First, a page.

“I’m here outside Haringey Children’s Services this evening where colleagues are said to be in shock, following the announcement today that the victim of the horrific murder in Regents park just three nights ago was in fact their colleague, Alice Reason. Police have also confirmed the video of Alice Reason’s murder was distributed through fake social media accounts, posing as domestic abuse refuges and women’s support groups...”
Thousands of women hold a candle lit vigil for Alice Reason, despite the cold.
Both images of Reason are sanctified with transparent sticky- back-plastic, flowers and brown cardboard placards. Messages scrawled in thick-black-marker-pen:
“Where am I safe?”
“Male violence is a male problem.”
“Racist Cis-ciety must protect trans women.”
Police officers cordon off the oak tree and stand guard, protecting the crime scene from public mourners and public grief...
“We are all Alice Reason.”
A male reporter interviews a woman with multi-coloured hair, standing in front of a banner: ‘Stop Gender Based Violence Now’.
Behind them, a platoon of multi-coloured hair, nose rings and woolly hats with bobbles stand in solemn solidarity. One woman holds her fist in the air and another sports the feminine glyph on her cheek.
A middle-aged, white male reporter addresses the camera with studied earnest:
“I’m here in Regents park tonight with Imogen Smythe, founder of the women’s group ‘Stop Gender Based Violence Now.’ Imogen, some may ask and can you connect the dots for us? How does a ritualistic murder in Regents Park relate to domestic abuse?”
Imogen takes a deep, intentional breath. Her nose rings catch the light.
“Alice Reason’s murder is an attack on women, or ‘womyn’ spelt W-O-M-Y-N across the whole of the UK, because the UK is nation which endorses domestic abuse through its lack of action to prevent it.”
Multi-coloured hair, nose rings and woolly hats with bobbles nod in solemn solidarity.
“And every single week in the UK a woman is killed by a man. Which is to say a male perpetrator of domestic terrorism.”
The white, middle-aged and male reporter is confused.
“You think there’s a statement being made here against women in general?”
A womyn behind the banner rolls her eyes while another shakes her head in slow motion, mouthing an elongated ‘WOW.’
But the leader takes another deep, intentional breathe...
“Yes, there is a statement being made against women in general. The killer created fake social media accounts for women, which he maintained for years just so he could distribute his abuse.”
Upbeat ‘ident’ music and a rhythmical beep, sampled from a pulse monitor. BREAKING NEWS appears across the bottom of the screen. A smartly dressed male newscaster addresses the camera in studiest earnest:
“Police have released this image of the man they are searching for in connection with the ritualistic murder in Regents park five nights ago.”
An elderly man with wild grey hair and a dark cable knit jumper fills the screen. He has a violent smile.
“Dr Asulf Neilson, a Danish professor of European folklore at Finchley Green University, North London, left his native Denmark twelve years ago following allegations of sexual abuse from a nineteen-year-old female student...”
The frame slowly zooms in on Neilsen’s smiling face “... allegations of sexual abuse from a nineteen year old female student... Tammy Coleman reports.”
An army of multi-coloured hair, nose rings and woolly hats with bobbles marches across a university campus. Loud horns, placards and painted faces.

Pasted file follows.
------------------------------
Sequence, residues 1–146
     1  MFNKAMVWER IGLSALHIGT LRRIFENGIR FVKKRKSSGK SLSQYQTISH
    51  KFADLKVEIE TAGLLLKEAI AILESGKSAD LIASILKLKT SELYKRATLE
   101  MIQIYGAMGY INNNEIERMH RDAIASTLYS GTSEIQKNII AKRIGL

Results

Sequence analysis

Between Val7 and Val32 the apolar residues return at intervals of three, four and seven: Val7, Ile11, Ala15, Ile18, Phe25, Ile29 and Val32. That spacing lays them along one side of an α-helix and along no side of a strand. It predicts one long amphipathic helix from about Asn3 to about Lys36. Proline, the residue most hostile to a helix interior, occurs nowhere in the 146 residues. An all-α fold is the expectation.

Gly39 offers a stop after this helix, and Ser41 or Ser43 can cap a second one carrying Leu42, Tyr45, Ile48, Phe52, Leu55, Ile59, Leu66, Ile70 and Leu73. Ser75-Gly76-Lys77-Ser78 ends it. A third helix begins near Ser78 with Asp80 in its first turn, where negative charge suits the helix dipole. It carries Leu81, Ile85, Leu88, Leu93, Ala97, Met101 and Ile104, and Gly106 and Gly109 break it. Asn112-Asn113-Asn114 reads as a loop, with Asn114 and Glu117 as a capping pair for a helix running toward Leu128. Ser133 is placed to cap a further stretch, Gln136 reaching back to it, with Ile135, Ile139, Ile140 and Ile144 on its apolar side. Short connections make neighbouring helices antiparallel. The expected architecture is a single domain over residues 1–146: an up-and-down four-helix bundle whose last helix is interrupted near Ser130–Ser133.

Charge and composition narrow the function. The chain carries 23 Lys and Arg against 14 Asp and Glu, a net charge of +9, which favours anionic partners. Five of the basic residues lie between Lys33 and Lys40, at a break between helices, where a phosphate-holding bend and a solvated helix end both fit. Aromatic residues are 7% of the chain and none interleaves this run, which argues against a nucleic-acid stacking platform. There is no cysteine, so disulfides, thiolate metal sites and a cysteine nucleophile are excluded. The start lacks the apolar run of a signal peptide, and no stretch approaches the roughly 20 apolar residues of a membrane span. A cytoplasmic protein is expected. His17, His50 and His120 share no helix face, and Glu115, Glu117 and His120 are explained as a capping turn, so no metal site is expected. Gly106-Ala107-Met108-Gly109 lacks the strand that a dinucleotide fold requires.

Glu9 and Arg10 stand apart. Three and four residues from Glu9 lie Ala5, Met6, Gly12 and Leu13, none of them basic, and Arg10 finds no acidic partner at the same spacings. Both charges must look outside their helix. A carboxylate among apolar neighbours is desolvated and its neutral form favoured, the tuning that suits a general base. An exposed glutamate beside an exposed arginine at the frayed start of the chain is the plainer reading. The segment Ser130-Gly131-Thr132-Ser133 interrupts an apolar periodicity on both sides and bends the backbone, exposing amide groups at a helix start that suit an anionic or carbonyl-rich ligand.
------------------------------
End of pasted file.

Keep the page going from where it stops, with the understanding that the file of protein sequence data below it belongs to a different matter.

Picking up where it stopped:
“Shame on you. Protect the Fem.”
“Respect our existence. Or expect resistance.”
A boy chants aggressively from within a rainbow which frames his maddened, reddening face. The bold words written in the strata:
“This is... what a... feminist... looks like...”
Meanwhile, Tammy has opted for a classic-fit navy duffel coat with over-sized toggles and wellies. She stands alongside a middle-aged black woman with thick rimmed glasses, a heavy black overcoat and sensible, black shoes.
“Well what was a peaceful vigil has now become an angry protest on campus at Finchley Green University with so many students understandably outraged by Dr Neilson’s employment. I’m here with Abigail Adams, Minister for Women and Equalities to ask what the government’s position is?”
“Well the prime minister is deeply disturbed by this most horrific murder” Abigail Adams MP speaks with absolute sincerity. “And she agrees with me that an enquiry must be launched immediately, with the full cooperation of universities across the whole of the UK. So that we might come to understand how such a man could be employed to teach vulnerable young women in the first instance.”
Tammy receives the MP’s answer with a studied earnest. She nods emphatically.
A rhythmical beep, sampled from a pulse monitor. BREAKING NEWS appears across the bottom of the screen. A female newscaster looks into the camera with stern seriousness and the frame pulls in:
“Disturbing scenes as women’s rights protestors clash with police this evening, following frustrations at the continued manhunt for Dr Asulf Neilsen. An activist was left unconscious after officers attempted to make an arrest. Viewer discretion is advised.”
Captured in the shaky POV of a protestor’s phone, women and men scream as they clash with a line of officers trying to push them back. A rakish woman with short blue hair and a cold red nose slips under and through, twisting back on herself in the process.
A black female officer grabs the womyn’s arm and she seems to say ‘ok, I’ll stop.’ But when a male officer turns to assist his colleague the activist panics. She wrenches away with her whole body, slips in her flat trainers and goes down hard, smashing her own skull against the curb. Her blue hair turns red.
The frenzied mob surges on the wide-eyed officers, and the screaming fills all existence.